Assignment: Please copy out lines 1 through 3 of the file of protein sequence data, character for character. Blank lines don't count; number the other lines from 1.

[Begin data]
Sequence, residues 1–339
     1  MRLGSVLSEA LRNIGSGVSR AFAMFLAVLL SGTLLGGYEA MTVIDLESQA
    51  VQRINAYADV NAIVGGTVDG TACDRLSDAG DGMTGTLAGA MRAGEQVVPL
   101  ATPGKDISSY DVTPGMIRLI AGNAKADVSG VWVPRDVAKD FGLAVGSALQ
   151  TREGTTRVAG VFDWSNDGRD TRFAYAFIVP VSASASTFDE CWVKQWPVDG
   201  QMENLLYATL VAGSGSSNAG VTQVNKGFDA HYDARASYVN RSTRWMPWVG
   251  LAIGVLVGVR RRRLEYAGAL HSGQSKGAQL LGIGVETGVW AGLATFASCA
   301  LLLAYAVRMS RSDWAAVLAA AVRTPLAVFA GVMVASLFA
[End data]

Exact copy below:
Sequence, residues 1–339
     1  MRLGSVLSEA LRNIGSGVSR AFAMFLAVLL SGTLLGGYEA MTVIDLESQA
    51  VQRINAYADV NAIVGGTVDG TACDRLSDAG DGMTGTLAGA MRAGEQVVPL